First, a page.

Mark Donahue always has his head in the clouds during September.
As president of the Adirondack Balloon Festival’s board of directors, he helps organize the annual hot air balloon parties in Glens Falls and Queensbury.
He’s still working on this year’s gathering. The 41st edition of the festival, founded by the late Walter Grishkot, will be held Thursday until Sunday, Sept. 22.
The 42-year-old Donahue, who is president and chief executive officer of Community Work & Independence in Glens Falls — a company that provides services for the developmentally disabled — talks about getting a rise out of every balloon weekend.
Q: How long have you worked with the festival?
A: I’ve been involved with the event for 15 years and been president for the last three.
Q: How did you get involved in the first place?
A: I was born into it. I mean that. This festival started when I was 2 years old, and for all four of us kids, my mother started a scrapbook when we were very young. For me, the scrapbook was on the balloon festival. That scrapbook started a very strong balloon interest. When I was in elementary school, we started traveling to different ballooning events and I was learning to fly a balloon before I could drive a car.
Q: How tough has it been following Walt Grishkot?
A: Nobody can fill Walter’s shoes, that’s for sure. The event is gradually evolving and will continue to evolve. There’s a committee process and definitely has to be run as a not-for-profit business.
Q: And how tough is it to put the event together?
A: For one weekend, it takes a full year and even beyond a full year to plan it. There are probably about a dozen people now who commit a substantial amount of time, meetings, soliciting, going to other events, doing all kinds of stuff to pull things together. But it’s definitely a group effort these days. Next year’s planning has already started, if that tells you anything.
Q: Anything out of the ordinary planned for this year?
A: If all goes well, we’ll have the largest moon glow on the East Coast this year, on Saturday night, which will be pretty spectacular at the airport. Our goal is 40 balloons. We also have some debuts of some special-shaped balloons.
Q: Who pays for the festival?
A: Basically, it’s the community that pays for this event. We’re a not-for-profit, there’s no paid staff that puts on this event. It’s from small businesses all the way up to corporate partnerships. The corporate partners are like Cabot Cheese and Price Chopper all the way down to local restaurants and local retail establishments.
Q: How much does it cost?
A: Last year it was about $175,000.
Q: What’s your favorite part of the festival?
A: My favorite part actually is what happens before the festival. It’s the build-up to the festival that really makes it special because the whole week of the festival we bring balloons to the local schools and nursing homes, the day centers for the developmentally disabled. We bring the balloons to everyone who can’t come to the festival. To see the smiles on the faces of the elderly and the disabled, it just brings out the kid in everybody. For me, doing that is just as important and crucial as it is for the big event.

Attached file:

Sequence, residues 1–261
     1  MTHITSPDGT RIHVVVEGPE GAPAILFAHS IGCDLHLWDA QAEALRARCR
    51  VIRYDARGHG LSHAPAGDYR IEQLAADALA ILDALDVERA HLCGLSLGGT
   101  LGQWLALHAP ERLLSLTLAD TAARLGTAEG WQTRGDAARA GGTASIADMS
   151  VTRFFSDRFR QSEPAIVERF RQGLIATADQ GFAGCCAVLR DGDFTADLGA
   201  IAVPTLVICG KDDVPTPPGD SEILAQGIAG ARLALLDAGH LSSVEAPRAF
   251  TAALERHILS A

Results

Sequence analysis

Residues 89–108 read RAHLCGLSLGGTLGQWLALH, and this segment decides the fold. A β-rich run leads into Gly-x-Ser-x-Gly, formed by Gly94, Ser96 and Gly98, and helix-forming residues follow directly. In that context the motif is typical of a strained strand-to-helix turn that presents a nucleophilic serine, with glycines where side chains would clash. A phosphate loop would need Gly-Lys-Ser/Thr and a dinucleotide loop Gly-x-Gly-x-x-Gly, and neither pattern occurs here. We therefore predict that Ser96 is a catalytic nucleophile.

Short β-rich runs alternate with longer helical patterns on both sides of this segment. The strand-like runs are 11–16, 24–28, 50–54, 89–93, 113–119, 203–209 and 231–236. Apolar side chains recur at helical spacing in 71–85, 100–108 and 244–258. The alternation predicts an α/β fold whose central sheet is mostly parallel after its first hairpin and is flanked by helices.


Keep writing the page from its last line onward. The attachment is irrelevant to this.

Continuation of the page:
Q: Do you have a balloon?
A: I have three balloons today. I fly virtually every weekend I can from April to November, but sadly, I don’t get to fly in this event anymore. I’m just too busy, too mentally focused as an organizer and not as a pilot.
Q: Why do you think people keep coming back?
A: It’s a family event, it’s all about family, it’s generational. It brings smiles to 2-year-olds, it brings smiles to 90-year-olds, it’s something you can do with anybody of any age. It’s fun for everybody.
Q: Have there been any people who have put in a bunch of years with the festival?
A: My sister, Laurie Wetsel, has been with me on this ride since we were kids. She’s still actively involved, she does all the pilot registrations and helps with the pilot activities. We have some family friends who are very involved — Joan Grishkot is still involved to this day. She’s my sidekick in this venture and we do an awful lot together and she’s been here since day one.
Q: How about longtime balloonists?
A: We have people who have been here 35 years. Russ Barber from Stockport [near Hudson], he’s one of our longer-term ones. Tom Smith from the Poughkeepsie area is at 38 or 39 years. Bill Costen from Connecticut is well into his 30-plus years with us.
Q: You must have to worry about the weather every year. How do you manage that?
A: I’m telling everybody already that it’s going to rain every weekend until the festival, then it’s going to get sunny again. We can’t control the weather. We can put all the planning in place . . . we just do the best we can and keep our fingers crossed.